The dream of the homeland
Recently I’ve been re-reading Poem for the Day One edited by Nicholas Albery. Today’s poem is a section of Rupert Brooke‘s ‘The Old Vicarage: Grantchester‘ written in 1912 while he was on a long journey in Germany. . It starts:-
Ah God! to see the branches stir
Across the moon at Grantchester.
In this expression of homesickness he describes the beauties of rural England in detail. It sounds idyllic.
Reading it I began to wonder how much of the idealisation of homeland/motherland/fatherland is created not by those in it but by those away. I suspect that most countries have a body of nostalgic literature, often poetry, written by the exiled, the war bound or the long-time traveller.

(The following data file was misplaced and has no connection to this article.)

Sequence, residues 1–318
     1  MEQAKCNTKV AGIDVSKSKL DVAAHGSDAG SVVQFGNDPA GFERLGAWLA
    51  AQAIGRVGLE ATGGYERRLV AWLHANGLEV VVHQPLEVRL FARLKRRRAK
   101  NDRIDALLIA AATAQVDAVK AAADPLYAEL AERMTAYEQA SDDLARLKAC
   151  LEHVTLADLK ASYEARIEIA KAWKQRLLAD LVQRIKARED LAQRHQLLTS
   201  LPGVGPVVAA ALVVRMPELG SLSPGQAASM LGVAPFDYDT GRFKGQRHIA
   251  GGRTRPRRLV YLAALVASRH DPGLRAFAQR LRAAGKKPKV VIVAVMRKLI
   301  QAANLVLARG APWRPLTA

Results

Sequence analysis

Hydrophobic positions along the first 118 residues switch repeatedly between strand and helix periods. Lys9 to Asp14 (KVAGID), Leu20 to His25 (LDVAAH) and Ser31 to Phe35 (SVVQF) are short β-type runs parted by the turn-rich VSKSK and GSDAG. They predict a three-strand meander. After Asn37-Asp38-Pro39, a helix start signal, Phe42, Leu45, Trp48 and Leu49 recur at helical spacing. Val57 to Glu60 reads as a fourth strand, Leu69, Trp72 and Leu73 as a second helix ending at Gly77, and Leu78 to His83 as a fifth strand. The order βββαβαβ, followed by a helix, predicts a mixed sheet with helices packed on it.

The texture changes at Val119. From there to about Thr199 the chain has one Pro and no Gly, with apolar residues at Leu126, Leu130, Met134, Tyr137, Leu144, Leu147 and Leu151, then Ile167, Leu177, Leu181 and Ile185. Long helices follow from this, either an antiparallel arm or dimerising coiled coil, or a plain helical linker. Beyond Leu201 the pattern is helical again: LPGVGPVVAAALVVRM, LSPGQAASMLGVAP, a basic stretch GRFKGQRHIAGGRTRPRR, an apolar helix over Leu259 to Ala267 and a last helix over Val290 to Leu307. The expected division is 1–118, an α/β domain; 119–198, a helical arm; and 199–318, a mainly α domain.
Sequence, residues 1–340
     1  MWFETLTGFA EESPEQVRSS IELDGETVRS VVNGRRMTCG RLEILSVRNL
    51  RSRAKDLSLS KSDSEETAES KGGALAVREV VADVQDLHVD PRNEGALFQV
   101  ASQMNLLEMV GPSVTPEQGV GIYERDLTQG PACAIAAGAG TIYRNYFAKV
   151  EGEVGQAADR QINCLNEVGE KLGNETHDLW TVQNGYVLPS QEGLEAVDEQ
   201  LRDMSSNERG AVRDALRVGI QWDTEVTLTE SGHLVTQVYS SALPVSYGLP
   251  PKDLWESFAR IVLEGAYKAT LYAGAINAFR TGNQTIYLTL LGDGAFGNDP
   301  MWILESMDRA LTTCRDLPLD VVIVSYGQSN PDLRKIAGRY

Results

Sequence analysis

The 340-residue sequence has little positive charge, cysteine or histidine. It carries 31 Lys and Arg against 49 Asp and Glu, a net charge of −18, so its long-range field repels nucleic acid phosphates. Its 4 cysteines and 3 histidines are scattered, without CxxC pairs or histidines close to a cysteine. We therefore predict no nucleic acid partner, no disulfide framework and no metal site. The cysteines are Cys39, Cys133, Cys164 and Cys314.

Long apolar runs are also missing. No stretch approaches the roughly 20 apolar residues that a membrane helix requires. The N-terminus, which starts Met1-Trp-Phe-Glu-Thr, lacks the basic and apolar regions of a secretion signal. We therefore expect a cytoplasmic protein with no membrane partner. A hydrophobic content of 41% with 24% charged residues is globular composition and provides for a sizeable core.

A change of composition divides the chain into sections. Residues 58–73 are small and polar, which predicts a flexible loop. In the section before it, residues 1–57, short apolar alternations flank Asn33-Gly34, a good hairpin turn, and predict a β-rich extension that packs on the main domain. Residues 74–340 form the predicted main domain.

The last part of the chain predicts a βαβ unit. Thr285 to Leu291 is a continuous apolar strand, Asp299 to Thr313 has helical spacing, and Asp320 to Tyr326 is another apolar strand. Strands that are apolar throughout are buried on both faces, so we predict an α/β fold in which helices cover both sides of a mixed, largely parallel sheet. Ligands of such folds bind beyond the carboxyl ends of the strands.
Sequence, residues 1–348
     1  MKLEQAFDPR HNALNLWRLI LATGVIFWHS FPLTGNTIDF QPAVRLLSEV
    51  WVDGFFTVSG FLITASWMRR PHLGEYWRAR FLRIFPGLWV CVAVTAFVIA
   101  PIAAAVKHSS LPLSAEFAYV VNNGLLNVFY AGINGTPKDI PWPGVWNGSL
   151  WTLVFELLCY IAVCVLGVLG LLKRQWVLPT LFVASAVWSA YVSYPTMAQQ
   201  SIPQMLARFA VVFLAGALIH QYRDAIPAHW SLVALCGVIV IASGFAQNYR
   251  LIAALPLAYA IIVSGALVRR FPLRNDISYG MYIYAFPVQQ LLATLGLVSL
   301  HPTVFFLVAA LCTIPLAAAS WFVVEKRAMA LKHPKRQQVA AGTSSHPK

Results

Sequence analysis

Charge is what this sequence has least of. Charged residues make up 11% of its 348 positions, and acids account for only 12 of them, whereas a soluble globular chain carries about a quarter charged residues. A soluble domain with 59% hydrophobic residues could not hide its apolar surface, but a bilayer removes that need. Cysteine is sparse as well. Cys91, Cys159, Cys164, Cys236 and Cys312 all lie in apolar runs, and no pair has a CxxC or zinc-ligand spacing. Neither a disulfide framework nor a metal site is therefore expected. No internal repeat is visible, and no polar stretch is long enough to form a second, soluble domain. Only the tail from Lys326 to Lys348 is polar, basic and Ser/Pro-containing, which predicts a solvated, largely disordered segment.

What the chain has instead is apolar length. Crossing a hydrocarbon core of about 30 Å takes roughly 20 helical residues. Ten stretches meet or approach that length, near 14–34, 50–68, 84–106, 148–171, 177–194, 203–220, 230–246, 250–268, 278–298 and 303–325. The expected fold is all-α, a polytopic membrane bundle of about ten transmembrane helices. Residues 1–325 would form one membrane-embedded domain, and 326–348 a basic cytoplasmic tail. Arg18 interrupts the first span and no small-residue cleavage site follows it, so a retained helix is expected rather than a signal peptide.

Such idylls are very pervasive. Do they still affect the way people vote or even fight?
Homecoming was one of the highest values heralded at least as far back as the ancient Greeks…I too have wondered about the value of homeland, and our problematic tendency to assume no ill of where we are from.